Pasieka’s Parathyroid Symptoms Scores Correlate with SF-36 Scores in Patients Undergoing Surgery for Primary Hyperparathyroidism
- 326 Downloads
Parathyroidectomy for primary hyperparathyroidism (PHPT) is expected to trigger an improvement in the quality of life. This has been demonstrated previously by using the SF-36 questionnaire, whose interpretation is difficult in routine clinical practice. As an alternative, the 13-item questionnaire developed by Pasieka et al. can be used to assess the severity of symptoms on a visual analogue from which a parathyroid assessment of symptoms score (PAS) can be calculated. The purpose of this study was to correlate results of these two assessment tools.
Prospective case-series study recruiting consecutive unselected patients who underwent successful parathyroidectomy for PHPT. SF-36(v2) and Pasieka’s questionnaires were collected before parathyroidectomy and at 3, 6, and 12 months postoperatively.
Between November 2005 and December 2006, 101 patients were diagnosed with PHPT (30 men; aged 18–89 years). Preoperative PAS ranged 0–1040 and did not correlate with the severity of hypercalcemia (2.91 ± 0.25; range, 2.56–3.4 mmol/l). Scores from the SF-36 questionnaire were under the 50th percentile for the normal population in three domains (vitality, emotional role, and physical role). Minimally invasive parathyroidectomy was performed in 69 patients and bilateral cervical exploration in 32 patients. All were found to have a single parathyroid adenoma and were normocalcemic at 3–12 months after parathyroidectomy.
At follow-up, there was a significant reduction of PAS from 460 ± 257 preoperatively to 254 ± 234 at 3 months postoperatively (n = 72), to 245 ± 215 at 6 months (n = 50), and 249 ± 212 at 12 months (n = 63) (p < 0.05, Student’s t-test). There was a significant and persistent improvement in five domains of SF-36 questionnaire: bodily pain, general health, vitality, social functioning and mental health. Overall analysis of 244 assessments using both questionnaires demonstrated a negative correlation between increasing PAS and decreasing mental component scores and physical component scores of the SF-36 assessment (r2 = 0.372 and 0.301, respectively).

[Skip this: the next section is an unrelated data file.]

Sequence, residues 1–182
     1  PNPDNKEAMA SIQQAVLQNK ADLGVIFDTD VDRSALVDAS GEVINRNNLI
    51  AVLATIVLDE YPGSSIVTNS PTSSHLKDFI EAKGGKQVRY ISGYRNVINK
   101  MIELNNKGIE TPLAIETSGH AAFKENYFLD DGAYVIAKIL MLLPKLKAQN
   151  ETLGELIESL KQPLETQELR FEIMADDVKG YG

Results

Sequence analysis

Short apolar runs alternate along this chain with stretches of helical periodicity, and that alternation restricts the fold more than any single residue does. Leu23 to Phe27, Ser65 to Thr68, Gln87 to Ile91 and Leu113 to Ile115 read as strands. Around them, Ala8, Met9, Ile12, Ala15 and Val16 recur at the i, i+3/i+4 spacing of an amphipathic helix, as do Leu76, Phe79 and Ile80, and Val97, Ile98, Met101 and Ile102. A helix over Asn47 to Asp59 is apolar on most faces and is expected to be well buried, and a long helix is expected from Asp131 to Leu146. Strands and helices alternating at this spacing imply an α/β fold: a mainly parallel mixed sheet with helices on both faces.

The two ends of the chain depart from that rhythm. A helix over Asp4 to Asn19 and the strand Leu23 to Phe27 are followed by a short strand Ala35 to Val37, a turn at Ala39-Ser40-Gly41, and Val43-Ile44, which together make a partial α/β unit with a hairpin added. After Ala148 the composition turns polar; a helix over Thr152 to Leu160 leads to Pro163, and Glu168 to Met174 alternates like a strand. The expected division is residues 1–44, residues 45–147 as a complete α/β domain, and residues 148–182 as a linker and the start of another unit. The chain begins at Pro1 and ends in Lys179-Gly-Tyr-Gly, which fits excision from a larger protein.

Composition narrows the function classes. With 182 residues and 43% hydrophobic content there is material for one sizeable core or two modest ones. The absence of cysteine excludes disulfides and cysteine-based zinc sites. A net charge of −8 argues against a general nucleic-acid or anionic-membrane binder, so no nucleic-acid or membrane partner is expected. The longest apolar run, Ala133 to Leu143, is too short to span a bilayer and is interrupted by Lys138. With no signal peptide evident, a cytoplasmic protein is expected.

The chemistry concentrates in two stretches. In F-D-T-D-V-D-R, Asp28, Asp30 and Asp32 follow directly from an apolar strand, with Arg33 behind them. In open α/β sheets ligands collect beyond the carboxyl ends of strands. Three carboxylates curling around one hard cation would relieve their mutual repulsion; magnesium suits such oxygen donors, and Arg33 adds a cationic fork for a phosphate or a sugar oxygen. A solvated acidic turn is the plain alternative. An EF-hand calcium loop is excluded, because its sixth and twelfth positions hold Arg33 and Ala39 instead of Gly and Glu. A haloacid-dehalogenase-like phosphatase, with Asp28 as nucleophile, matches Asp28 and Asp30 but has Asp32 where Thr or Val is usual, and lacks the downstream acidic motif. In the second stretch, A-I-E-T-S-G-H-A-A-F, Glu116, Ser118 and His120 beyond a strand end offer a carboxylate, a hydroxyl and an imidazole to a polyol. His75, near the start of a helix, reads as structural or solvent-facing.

Pasieka’s parathyroid assessment of symptom scores (PAS) correlate with SF-36 questionnaire scores. Because PAS allows easier and faster analysis, we advocate that Pasieka’s questionnaire should be integrated into the assessment of patients with PHPT as a reliable tool to identify symptomatic changes that correlate with improved quality of life.
KeywordsPrimary Hyperparathyroidism Parathyroid Adenoma Mental Component Score Physical Component Score Postoperative Improvement
- 3.Caillard C, Sebag F, Mathonnet M, Gibelin H, Brunaud L, Loudot C, Kraimps JL, Hamy A, Bresler L, Charbonnel B, Leborgne J, Henry JF, Nguyen JM, Mirallie E (2007) Prospective evaluation of quality of life (SF-36v2) and nonspecific symptoms before and after cure of primary hyperparathyroidism (1-year follow-up). Surgery 141:153–159PubMedCrossRefGoogle Scholar
- 4.Ambrogini E, Cetani F, Cianferotti L, Vignali E, Banti C, Viccica G, Oppo A, Miccoli P, Berti P, Bilezikian JP, Pinchera A, Marcocci C (2007) Surgery or surveillance for mild asymptomatic primary hyperparathyroidism: a prospective, randomized clinical trial. J Clin Endocrinol Metab 92(8):3114–3121PubMedCrossRefGoogle Scholar
- 5.Bollerslev J, Jansson S, Mollerup CL, Nordenstrom J, Lundgren E, Torring O, Varhaug JE, Baranowski M, Aanderud S, Franco C, Freyschuss B, Isaksen GA, Ueland T, Rosen T (2007) Medical observation compared to parathyroidectomy for asymptomatic primary hyperparathyroidism: a prospective, randomized trial. J Clin Endocrinol Metab 92:1687–1692PubMedCrossRefGoogle Scholar
- 9.Mihai R, Sadler G, Wass JAH (2008) Asymptomatic primary hyperparathyroidism – need for multicentre studies. Clinical Endocrinol 68:155–164Google Scholar
- 14.Bilezikian JP, Potts JT Jr, Fuleihan Gel H, Kleerekoper M, Neer R, Peacock M, Rastad J, Silverberg SJ, Udelsman R, Wells SA Jr (2002) Summary statement from a workshop on asymptomatic primary hyperparathyroidism: a perspective for the 21st century. J Bone Miner Res 17(Suppl 2):N2–11PubMedGoogle Scholar